A university in St. Louis, Mo. is conducting a study on obesity and looking for participants. The researchers are willing to pay up to $3,500 to individuals who are willing to eat fast food daily for three months.
According to KMOV, researchers at the Washington University School of Medicine are looking to pay individuals money to gain weight through consumption of fast food. The study, which will examine the effects of weight gain and its association with certain diseases, sets the criteria that participants must gain five to seven percent of their body weight during the course of three months through eating 1,000 extra calories a day consisting of fast food.
The study is examining especially why some people who gain weight develop hypertension and diabetes while others do not.
“By choosing fast foods, we can regulate that food intake much better than trying to tell people to try and decide on their own eating food at home, which requires judgment and educations on what you’re eating,” said Dr. Sam Klein with Washington University, lead researcher in the study. “By going to eat fast food, we know exactly what they’re eating.”
Doctors involved in the study say the type of information they are seeking cannot be achieved through the study of rodents.
Participants must be between the ages of 18 and 65, non-diabetic and 30 pounds overweight. Additionally, they cannot be smokers. Their choices of fast food are limited to McDonalds, Burger King, Taco Bell, Pizza Hut and KFC. The university put out ads to recruit participants for the study, which is ongoing.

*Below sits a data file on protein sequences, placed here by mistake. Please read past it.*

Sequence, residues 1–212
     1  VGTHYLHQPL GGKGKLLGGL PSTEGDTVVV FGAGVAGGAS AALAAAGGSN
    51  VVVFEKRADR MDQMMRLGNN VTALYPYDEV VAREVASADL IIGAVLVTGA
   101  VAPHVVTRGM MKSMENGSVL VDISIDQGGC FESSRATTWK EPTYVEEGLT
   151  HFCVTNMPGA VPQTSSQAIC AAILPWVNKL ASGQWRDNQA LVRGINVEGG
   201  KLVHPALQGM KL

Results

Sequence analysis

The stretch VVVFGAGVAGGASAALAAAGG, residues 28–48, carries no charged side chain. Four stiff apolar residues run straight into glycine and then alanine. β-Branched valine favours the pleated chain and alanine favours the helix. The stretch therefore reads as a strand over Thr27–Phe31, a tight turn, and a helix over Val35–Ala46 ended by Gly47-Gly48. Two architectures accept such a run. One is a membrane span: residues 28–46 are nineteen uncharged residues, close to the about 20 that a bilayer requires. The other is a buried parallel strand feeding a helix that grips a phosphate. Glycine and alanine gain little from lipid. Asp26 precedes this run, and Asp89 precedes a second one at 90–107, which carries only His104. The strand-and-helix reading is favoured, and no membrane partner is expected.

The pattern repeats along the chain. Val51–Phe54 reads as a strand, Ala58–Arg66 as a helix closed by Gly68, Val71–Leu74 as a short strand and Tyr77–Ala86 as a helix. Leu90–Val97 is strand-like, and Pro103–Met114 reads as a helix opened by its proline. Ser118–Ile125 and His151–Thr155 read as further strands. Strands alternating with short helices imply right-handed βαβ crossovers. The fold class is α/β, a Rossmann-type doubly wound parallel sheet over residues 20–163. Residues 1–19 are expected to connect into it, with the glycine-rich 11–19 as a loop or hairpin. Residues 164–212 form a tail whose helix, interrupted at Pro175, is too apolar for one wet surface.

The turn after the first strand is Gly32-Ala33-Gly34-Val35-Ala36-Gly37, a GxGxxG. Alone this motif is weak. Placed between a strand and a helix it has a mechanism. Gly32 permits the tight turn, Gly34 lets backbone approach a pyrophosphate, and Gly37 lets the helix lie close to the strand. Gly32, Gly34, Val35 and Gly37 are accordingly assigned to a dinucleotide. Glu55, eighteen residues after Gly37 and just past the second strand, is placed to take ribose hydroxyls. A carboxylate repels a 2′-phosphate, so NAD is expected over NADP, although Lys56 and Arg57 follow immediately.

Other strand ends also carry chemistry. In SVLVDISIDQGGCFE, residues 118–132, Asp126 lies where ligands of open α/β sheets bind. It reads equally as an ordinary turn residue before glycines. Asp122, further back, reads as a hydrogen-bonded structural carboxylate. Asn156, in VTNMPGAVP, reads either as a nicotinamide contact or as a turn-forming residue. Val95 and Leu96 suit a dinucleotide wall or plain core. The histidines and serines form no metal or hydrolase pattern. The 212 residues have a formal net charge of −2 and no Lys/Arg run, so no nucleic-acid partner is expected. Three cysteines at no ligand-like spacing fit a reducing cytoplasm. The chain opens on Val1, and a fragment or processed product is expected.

"[Fast food restaurants] have very regulated food content," said Klein. "We know exactly the calories and macro-nutrient composition within fast food restaurants, so it's a very inexpensive, easy and tasteful way to give people extra calories."
After the three month period is up, the participants will then be enrolled in a weight loss program to lose the weight gained, and once this is completed, they'll receive additional monetary compensation, reported ABC News.
Some people who have already taken part in the study noted as the weeks went by they felt awful, reported ABC.
"It was really good and you know the next night I went to Taco Bell and it was, it was wonderful," said Dawn Freeman, a 50-year-old nurse who was paid to eat fast food daily. She told ABC News she started to feel awful after two weeks. "I could hardly breathe anymore," she'd said.
"Our hope is by identifying what is happening in people's bodies as they gain weight we will then be able to create better therapies down the road," said Courtney Tiemann a registered dietician and research coordinator with the Center for Human Nutrition at Washington University, reported KSDK.
It appears not everyone will earn the $3,500, how much a participant receives will depend upon how long it takes them to reach the study's goal. In an economy where unemployment rates continue to sit at high levels, such a study may appear enticing. Although, it is not clear whether or not participants pay for their food purchases, also it is not clear about the costs involved if in the event any potential healthcare is needed after consuming fast food daily for three months.
Would you consider getting paid to eat fast food daily?